Capri Definitions

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An instrument that indicates the number of revolutions per minute at which the engine is turning. Tappet A pivoting actuator than opens and closes cylinder valves.


A removable-roof body style popularized by Porsche that is similar to a convertible except that it incorporates a fixed, roll-bar-like structure running from side to side behind the front seats.


A housing containing a valve to regulate the airflow through the intake manifold. The throttle-body is usually located between the air cleaner and the intake plenum.

    Throttle-Body Fuel Injection

A form of fuel injection in which the injectors are located at the engine's throttle-body, thereby feeding fuel to more than one cylinder. Such an arrangement saves money by using fewer injectors; but because it routes both fuel and air through the intake manifold, it eliminates some of the tuning possibilities offered by port fuel injection.

    Tire, Tread

Width of a car measured from the center line of the wheels. Sometimes called the track. Also the pattern on the surface of a tire.

    Tires, All-Season

Tires that provide acceptable traction for winter snow and slush driving conditions, without excessively compromising dry and wet traction.

    Tires, Aspect Ratio

Tire aspect ratio is refers to the ratio between the tread(section) width and the sidewall. For example, a 205/50-15 tire would have a sidewall height of 0.50 x 205 or 102.5 mm. Lower aspect ratios(e.g. 40-series) provide superior handling at the cost of increased ride harshness. Tires, M+S rating Tires especially designed to perform well in mud and snow. M+S tires are usually superior to all-season tires under these conditions. The tradeoff is often higher noise and reduced tread life.

    Tires, Ratings

The tire treadwear rating gives an approximate idea of the expected usable life of the tire. A tire rated 300 will probably last 50% longer than one rated 150. Note that each tire manufacturer has its own rating methods. So a Goodyear tire rated at 300 will not necessarily give the same tread life as a Michelin tire rated at 300. It may last longer under the same conditions or it may not. The treadwear number is most relevant when comparing tires by the same manufacturer. The "AB" designation indicates wet traction and temperature resistance, respectively. Wet traction ratings are AA, A, B, and C. "AA" is the best. "C" is the worst. Temperature resistance ratings are A, B, and C. "A" is best. "C" is worst. The temperature resistance rating signifies a tire's heat dissipation capabilities. Excess heat leads to premature tire failure, so cooler running tires last longer.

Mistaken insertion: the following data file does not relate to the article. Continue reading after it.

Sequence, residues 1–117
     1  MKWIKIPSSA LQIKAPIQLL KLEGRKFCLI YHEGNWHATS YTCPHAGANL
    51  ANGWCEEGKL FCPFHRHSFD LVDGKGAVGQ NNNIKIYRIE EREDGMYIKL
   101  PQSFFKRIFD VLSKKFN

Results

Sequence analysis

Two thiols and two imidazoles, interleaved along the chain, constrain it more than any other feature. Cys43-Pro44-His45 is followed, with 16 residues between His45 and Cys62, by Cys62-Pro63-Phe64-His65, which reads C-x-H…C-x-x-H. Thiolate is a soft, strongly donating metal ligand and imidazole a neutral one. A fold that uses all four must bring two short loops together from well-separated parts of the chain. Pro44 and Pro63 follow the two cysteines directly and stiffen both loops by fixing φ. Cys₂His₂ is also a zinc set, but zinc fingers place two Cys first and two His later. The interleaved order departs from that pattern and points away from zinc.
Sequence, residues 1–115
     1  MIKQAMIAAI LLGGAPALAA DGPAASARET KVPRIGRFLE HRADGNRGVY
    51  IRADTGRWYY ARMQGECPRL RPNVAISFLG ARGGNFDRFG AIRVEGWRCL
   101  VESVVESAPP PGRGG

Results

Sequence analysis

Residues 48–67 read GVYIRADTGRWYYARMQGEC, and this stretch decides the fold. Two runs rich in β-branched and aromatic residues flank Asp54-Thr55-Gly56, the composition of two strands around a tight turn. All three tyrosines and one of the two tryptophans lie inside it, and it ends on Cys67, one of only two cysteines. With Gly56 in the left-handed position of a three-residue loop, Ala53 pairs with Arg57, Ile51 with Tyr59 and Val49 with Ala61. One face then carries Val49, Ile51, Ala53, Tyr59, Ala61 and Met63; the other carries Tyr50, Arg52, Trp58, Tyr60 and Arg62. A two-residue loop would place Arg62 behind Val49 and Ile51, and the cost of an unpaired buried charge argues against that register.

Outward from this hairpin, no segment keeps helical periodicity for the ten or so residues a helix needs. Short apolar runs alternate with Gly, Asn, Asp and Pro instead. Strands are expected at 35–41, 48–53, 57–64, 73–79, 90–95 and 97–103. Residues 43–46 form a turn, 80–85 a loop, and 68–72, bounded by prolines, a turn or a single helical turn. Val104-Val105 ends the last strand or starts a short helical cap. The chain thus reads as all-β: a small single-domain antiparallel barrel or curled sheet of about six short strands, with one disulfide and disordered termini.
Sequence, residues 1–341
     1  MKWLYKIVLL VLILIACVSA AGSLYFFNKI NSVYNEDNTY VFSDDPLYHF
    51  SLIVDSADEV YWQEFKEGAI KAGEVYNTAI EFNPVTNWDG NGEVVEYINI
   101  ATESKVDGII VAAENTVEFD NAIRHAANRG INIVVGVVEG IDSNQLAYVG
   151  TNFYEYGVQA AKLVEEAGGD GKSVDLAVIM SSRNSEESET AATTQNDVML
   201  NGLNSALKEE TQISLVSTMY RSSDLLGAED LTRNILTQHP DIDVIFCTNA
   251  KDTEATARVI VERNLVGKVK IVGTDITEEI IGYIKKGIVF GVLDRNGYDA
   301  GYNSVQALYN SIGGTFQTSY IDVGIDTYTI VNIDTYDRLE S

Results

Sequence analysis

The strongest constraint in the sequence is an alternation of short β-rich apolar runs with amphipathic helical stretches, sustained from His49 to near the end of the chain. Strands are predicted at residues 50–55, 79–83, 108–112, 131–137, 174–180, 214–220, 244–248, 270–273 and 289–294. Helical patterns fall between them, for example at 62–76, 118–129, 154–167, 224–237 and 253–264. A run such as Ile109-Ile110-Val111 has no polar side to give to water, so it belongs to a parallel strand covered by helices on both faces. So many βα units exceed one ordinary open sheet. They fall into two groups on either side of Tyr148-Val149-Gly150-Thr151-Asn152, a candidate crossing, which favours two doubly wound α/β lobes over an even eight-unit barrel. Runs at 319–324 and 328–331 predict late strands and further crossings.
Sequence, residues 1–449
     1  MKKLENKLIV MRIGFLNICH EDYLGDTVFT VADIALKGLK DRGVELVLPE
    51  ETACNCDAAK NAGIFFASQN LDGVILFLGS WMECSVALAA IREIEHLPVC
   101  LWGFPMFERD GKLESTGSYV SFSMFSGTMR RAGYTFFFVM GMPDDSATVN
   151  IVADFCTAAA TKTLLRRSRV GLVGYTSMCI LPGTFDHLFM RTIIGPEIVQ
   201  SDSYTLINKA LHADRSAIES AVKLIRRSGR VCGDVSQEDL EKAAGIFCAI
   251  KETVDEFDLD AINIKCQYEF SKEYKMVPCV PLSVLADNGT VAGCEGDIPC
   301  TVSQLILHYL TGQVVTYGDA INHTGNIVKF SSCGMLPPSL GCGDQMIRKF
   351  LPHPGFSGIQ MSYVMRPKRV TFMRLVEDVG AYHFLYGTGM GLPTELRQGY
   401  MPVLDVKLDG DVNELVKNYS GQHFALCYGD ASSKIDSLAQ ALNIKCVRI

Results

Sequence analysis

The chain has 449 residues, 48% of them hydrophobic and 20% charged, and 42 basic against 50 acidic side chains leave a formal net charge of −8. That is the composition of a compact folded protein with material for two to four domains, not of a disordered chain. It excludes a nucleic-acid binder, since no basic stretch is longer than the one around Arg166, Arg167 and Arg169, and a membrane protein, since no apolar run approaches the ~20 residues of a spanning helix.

Toe Steer

The changes in the direction of a wheel that occur without driver steering input. Toe steer can be caused by ride steer or by deflections in suspension components caused by the stresses of cornering, accelerating, and/or braking on smooth and bumpy roads.

    Toe-Control Link

A lateral link in a multilink suspension designed to control a wheel's direction as the suspension moves up and down.


The intentional nonparallel orientation of opposite wheels. Toe-in is measured by subtracting the distance between the front edges of a pair of tires from the distance between the rear edges of the same pair of tires. The toe-in dimension is positive when the fronts of the tires are turned toward the center of the car.

    Tongue Weight

The actual weight that is pressing down on the hitch attached to the vehicle. This weight should be subtracted to figure payload capacity. Typically, the tongue weight should be 9-11% of the trailer load. Too much tongue weight negatively affects the vehicle's steering, and too little tongue weight means the vehicle may lose traction.


Device for use in, or attachment to, production machinery that is for the assembling of materials or the working of materials by turning, milling, grinding, polishing, drilling, punching, boring, shaping, shearing, pressing or planing.


Set of required standard or special tools needed to produce a particular part; includes jigs, fixtures, gages and cutting tools, but excluding machined tools.


An open sports vehicle generally with an unbroken design line from the hood to the back of the car.


The rotational equivalent of force, measured in pound-feet.

    Torque Converter

A particular kind of fluid coupling with a third element added to the usual input and output turbines. Called ""the stator,"" this additional element redirects the churning fluid against the output turbine, increasing torque. This torque increase, however, is achieved at the expense of rpm and efficiency.